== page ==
That’s how much a publishing house and your agent has to love your book. If they’ve already read something similar, they might have pledged allegiance to it already.

I’ve found that of the mere 30-50 books I read in a year, only 5 of them earn my adoration. That’s 10%. The more I read, the less love I have to give. I may enjoy the books in the moment, and think they’re great. But head over heels? That’s 3 or 4 books a year!

Of those books, I look at hundreds to decide if I even want to read them in the first place.

I’m an author, not an agent or publisher. But when I look at those numbers, I understand how personal these things are. One person’s favorite book of all time is another person’s most hated book.

All Snobbery Aside – Or is it? An Business Perspective

So, when I read Victoria Scott’s blog post, I realized I was up against the same snobbery from some of my writer friends who wouldn’t want to work with a small publisher. To them, it’s not real publishing. I’ve heard the same kinds of things from writers as Victoria. For a full list, visit her blog: http://www.victoriascottya.com/punch.

Say you’re a writer and you’ve got skills. You may be still learning and honing your craft (we all are), but, ultimately, you are seeking a career as a novelist. Usually people who write their first book want it to be published, and it doesn’t always happen that way. There is a great deal to learn about writing a novel. There’s lots to figure out. Even after publication, this is a career choice. It’s not just having a book under your belt and moving on. It’s a trade and a craft. As a writer, you have to take your career into your own hands. An agent isn’t going to do that for you, neither is a publisher. It’s all you.

With the recent publishing industry changes, writers who are waiting for a huge writing contract in order to get published may be waiting longer than ever. If you don’t keep writing, or growing as a writer, you are doing the equivalent of  staying unemployed, and not getting job training, waiting for a big established corporation like IBM to come and hire you.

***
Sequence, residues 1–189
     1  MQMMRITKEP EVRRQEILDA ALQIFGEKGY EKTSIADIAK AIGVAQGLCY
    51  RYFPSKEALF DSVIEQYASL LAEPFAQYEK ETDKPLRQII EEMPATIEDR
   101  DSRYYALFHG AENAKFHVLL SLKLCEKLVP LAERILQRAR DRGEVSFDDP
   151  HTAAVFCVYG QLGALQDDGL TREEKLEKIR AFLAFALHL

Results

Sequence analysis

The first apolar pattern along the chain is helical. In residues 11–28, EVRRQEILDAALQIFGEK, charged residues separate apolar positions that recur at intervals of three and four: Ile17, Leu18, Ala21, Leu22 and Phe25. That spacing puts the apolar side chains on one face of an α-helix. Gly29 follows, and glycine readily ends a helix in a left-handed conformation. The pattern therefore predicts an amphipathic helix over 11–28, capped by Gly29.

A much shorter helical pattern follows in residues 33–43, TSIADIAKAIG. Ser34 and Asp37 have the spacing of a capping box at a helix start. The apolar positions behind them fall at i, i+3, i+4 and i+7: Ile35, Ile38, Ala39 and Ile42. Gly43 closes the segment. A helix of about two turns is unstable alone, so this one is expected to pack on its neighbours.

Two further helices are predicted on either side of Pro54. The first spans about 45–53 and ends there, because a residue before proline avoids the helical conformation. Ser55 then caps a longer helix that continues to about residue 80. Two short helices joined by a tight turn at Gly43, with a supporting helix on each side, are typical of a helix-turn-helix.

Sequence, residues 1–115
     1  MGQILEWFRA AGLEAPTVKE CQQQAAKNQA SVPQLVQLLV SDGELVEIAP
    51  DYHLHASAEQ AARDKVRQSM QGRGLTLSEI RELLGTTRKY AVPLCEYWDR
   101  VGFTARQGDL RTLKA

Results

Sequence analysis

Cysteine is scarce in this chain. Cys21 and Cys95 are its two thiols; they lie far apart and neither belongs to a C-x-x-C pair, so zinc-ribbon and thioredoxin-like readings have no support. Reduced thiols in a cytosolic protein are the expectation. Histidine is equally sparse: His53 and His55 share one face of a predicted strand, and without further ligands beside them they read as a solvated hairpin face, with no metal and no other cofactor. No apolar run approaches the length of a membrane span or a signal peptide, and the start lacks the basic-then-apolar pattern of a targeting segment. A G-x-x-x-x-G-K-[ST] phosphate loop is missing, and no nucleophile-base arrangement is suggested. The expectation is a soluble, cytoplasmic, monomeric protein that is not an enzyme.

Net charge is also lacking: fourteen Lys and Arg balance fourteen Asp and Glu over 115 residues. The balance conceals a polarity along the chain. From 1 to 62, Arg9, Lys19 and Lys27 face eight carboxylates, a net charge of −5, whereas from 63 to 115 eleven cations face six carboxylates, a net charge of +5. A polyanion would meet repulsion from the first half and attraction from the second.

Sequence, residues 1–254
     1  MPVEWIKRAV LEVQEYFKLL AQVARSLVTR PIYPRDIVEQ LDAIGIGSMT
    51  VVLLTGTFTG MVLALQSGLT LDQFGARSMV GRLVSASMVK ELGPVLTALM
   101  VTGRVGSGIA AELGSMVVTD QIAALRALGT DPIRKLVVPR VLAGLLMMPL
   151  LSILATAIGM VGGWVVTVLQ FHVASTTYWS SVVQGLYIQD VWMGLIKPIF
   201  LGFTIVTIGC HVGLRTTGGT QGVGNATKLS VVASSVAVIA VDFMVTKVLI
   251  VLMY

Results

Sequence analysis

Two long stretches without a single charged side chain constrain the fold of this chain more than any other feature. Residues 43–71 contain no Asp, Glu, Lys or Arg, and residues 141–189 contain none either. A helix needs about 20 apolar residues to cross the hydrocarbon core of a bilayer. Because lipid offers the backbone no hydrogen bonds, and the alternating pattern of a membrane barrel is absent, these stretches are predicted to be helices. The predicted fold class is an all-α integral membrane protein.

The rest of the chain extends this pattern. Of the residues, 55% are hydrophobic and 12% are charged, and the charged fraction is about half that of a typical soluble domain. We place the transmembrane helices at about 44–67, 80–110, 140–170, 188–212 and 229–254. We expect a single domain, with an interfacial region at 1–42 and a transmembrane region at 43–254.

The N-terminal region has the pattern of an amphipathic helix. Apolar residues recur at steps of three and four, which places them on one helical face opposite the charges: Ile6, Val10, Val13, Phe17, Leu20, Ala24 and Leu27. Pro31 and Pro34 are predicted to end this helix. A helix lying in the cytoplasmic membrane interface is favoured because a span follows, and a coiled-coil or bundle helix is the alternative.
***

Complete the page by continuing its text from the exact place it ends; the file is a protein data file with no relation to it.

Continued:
Don’t get me wrong, a job at IBM is great! But, in hind sight, if you could get in on a job at Google when the company was just starting to grow, wouldn’t that be a great job too? Or would you rather be unemployed just in case IBM comes along? Does not working at IBM mean you’re not good enough to work for a living?

I hope not! I celebrate every job I have, and I’ve worked for some great, prestigious companies. I’ve also worked for some start ups. Both have their pluses and minuses.

But never once did I say, I’m not a real professional because I wasn’t working for one of the top 5 huge IT companies. Please don’t do yourself that disservice. You are a professional writer the moment you take your writing career seriously. No matter who publishes you.

(And, by the way, I’m using Google, because it’s Fortune 500’s number one company to work for this year. Who’s to say that one of these new publishing houses isn’t going to become the Google equivalent of publishing one day?)

So to all my fellow writer and author friends, I wish you all the best in your publishing journey. Let’s not judge each other too harshly. We are a community of business people and craftspeople. The more we can support and encourage each other on this journey, the better.